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  • Monitoring  seismicity  near  an  ac/ve  CO2  EOR  injec/on     Keith  A.  Nolte1,  Georgios  P.  Tsoflias1,  Tandis  S.  Bidgoli2  and  W.  Lynn  Watney2  

    1Department  of  Geology,  The  University  of  Kansas,  Lawrence,  KS   2Kansas  Geological  Survey,  The  University  of  Kansas,  Lawrence,  KS    

    •  Events  cataloged  from  April  2015  to  April  2017   •  2133  earthquakes  were  located  in  Sumner  County,  KS   •  Magnitudes  range  from  Mw  0.4  to  Mw  3.5     •  P-­‐wave  velocity  calculated  from  well  logs  of  KGS  2-­‐32   •  S-­‐wave  velocity  is  calculated  from  a  Vp/Vs  raLo   •  Moment  Magnitude  calculated  from  energy  spectrum  of  

    event  and  distance  to  event   •  Magnitude  of  Completeness  

    •  1.5  Mw  for  Sumner  County  

    Figure  1.  Comparison  of  small  local  event  (leJ)  of  Mw    1.0  and  large  local  event  (right)  of  Mw    1.8   with  verOcal  channel  displayed  on  the  top  row  and  the  two  horizontal  channels  below.  P  and  S   arrivals  are  shown  in  red.  Both  events  are  from  March  of  2016.  

    Cataloging  Earthquakes  

    Magnitude  of  Completeness:     •  Magnitude  of  Completeness  (Mc)  is  the  earthquake  magnitude  

    for  which  an  array  can  confidently  pick  all  events  of  that   magnitude  and  larger  in  a  certain  area  [Vorobieva,  2012]  

    •  Mc  for  the  Wellington  array  is  ~1.5  Mw  for  Sumner  County   •  Increase  b-­‐value  of  1.5  indicaLve  of  pore  fluid  pressure  increase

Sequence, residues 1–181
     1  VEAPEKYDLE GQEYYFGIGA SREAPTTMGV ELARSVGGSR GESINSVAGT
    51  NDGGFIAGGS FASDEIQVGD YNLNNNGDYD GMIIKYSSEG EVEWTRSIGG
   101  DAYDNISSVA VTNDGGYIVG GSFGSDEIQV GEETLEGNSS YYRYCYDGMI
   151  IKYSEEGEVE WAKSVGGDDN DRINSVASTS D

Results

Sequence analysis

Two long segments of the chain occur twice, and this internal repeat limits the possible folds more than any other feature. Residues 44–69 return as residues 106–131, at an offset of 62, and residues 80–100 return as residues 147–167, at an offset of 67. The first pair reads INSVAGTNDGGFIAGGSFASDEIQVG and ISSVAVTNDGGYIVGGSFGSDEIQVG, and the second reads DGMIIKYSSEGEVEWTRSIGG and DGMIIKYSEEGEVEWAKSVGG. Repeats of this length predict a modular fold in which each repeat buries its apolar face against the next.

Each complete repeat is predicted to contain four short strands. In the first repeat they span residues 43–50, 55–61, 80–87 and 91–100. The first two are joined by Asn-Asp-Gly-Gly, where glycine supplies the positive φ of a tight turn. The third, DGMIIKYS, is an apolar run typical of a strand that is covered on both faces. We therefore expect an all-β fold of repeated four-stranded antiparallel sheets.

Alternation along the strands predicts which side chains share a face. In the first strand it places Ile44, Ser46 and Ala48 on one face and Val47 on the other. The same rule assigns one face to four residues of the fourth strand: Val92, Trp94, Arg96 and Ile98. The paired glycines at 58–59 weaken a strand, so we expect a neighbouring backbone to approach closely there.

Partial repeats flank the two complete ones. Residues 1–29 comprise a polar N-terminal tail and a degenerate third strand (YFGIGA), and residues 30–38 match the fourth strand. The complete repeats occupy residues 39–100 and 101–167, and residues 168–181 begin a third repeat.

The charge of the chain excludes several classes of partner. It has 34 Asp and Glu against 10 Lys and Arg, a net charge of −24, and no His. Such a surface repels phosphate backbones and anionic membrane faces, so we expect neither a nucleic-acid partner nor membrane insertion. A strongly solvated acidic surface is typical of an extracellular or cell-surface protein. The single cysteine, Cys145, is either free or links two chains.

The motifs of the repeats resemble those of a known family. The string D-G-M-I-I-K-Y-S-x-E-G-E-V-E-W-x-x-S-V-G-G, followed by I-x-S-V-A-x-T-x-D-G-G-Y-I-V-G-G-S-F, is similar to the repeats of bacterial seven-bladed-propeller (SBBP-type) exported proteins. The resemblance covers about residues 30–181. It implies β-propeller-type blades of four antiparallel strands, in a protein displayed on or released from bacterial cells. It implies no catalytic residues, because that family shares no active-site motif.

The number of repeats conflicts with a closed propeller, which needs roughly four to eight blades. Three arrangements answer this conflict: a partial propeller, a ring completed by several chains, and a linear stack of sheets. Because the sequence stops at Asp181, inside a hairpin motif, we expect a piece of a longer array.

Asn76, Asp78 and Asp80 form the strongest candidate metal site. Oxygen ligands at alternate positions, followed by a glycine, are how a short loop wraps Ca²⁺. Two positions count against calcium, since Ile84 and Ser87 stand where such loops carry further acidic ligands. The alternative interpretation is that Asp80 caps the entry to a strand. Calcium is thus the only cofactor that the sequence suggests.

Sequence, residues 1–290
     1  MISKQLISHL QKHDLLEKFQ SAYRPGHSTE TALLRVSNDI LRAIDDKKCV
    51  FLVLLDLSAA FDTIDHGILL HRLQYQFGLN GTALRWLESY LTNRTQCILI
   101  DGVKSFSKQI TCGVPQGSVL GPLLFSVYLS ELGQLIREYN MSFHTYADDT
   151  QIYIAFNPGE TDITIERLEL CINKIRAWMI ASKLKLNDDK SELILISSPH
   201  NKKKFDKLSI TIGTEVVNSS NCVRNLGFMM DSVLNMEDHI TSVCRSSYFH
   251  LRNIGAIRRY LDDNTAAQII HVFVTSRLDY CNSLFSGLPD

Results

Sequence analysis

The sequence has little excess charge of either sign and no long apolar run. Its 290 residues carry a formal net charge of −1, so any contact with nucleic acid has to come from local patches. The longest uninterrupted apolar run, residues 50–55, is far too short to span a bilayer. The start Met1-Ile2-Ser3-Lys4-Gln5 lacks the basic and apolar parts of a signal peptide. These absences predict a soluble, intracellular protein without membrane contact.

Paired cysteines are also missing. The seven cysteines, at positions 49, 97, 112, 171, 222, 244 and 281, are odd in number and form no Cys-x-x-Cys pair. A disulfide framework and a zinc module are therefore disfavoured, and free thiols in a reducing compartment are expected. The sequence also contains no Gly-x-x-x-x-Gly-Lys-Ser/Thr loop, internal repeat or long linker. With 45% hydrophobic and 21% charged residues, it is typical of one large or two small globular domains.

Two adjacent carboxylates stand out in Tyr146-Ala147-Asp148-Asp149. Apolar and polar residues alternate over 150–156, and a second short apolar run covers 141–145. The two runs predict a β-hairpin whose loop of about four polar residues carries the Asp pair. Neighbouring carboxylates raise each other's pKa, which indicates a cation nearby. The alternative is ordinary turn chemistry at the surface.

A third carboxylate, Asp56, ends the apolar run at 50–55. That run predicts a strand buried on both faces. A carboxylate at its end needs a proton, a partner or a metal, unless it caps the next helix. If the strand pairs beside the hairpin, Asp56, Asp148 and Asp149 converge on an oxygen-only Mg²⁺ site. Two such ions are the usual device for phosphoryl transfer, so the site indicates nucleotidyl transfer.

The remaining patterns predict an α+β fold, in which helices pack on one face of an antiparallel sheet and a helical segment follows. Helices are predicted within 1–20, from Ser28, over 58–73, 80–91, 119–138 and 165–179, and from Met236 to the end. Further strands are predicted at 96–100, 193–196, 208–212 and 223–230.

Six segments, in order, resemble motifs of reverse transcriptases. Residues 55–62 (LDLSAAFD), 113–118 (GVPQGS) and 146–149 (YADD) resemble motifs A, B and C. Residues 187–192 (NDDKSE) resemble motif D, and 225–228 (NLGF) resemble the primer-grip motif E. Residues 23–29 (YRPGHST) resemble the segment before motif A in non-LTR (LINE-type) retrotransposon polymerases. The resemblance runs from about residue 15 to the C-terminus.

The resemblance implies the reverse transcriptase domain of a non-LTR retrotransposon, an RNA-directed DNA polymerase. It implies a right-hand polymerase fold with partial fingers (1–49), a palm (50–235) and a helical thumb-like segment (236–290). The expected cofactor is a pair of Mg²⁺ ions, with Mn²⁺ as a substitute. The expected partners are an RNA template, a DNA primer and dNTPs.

as  cause  of  seismicity  

    Figure   2.   Velocity   model   was   used   in   calculaOng   locaOons   of   events   near   the   Wellington   Array.   The   model  was  derived  from  well  logs  of  the  KGS  2-­‐32  well,   calculated  to  the  boVom  of  the  well.  Deeper  velociOes   were  constrained  through  1-­‐D  velocity  inversion  

    Figure  3.  The  graph  is  showing  the   Magnitude   of   completeness   calculated   from   the   Gutenberg-­‐ Richter   law.   The   blue   line   with   black   circles   represents   events   recorded   from   the   seismometer   array,   and   the   orange   line   represents   predicted   events   using   the  Gutenberg-­‐Richter  law,  with  a   b-­‐value   of   1.5.   The   two   curves   diverge  at  a  magnitude    Mc  =  1.1.  

    References   1)  Ellsworth,  W.L.,  2013,  InjecLon  induced  earthquakes,  Science,  v.  341,  1225942.   2)  Garnero,  E.,  2017,  School  of  Earth  and  Space  science,  Arizona  State  university,  personal  website:  h\p://garnero.asu.edu/   3)  Michael,  A.  J.  ,1984,  DeterminaLon  of  stress  from  slip  data:  faults  and  folds:  Journal  of  Geophysical  Research,  v.  89,  p.   11,517–11,526.   4)  O\emoller,  L.,  Voss,  P.,  and  Havskov,  J.,  2014,  Seisan  earthquake  analysis  soeware  for  Windows,  Solaris,  Linux,  and   macosx.   5)  Silver,  P.G.,    and  Chan,  W.W.,  1991,  Shear  wave  spligng  and  subconLnental  mantle  deformaLon,  Journal  of  Geophysical   Research,  v.  96,  p.  16429-­‐16454     6)  Stork,  A.L.,  Verdon,  J.P.,  and  Kendall,  J.  M.,  2014,  The  robustness  of  seismic  moment  and  magnitudes  esLmated  using   spectral  analysis,  Geophysical  ProspecLng,  v.  62,                                                                        p.  862-­‐878.   7)  Vorobieva,  I.,  Narteau,  C.,  Shebalin,  P.,  Beauducel,  F.,  Nercessian,  A.,  Clouard,  V.,  and  bouin,  M.  P.,  2012,  MulLscale   mapping  of  completeness  magnitude  of  earthquake  catalogs,  BulleLn  of  the  Seismological  Society  of  America,  v.  103,  no.  4,  p.   2188-­‐2202.   8)  Zinke,  J.C.  and  Zoback,  M.D.,  2000,  Structure-­‐related  and  stress-­‐induced  shear-­‐wave  velocity  anisotropy:  observaLons   from  microearthquakes  near  the  Calaveras  fault  in  central  California,  BulleOn  of  the  Seismological  Society  of  America,  v.  90,  p.   1305-­‐1312.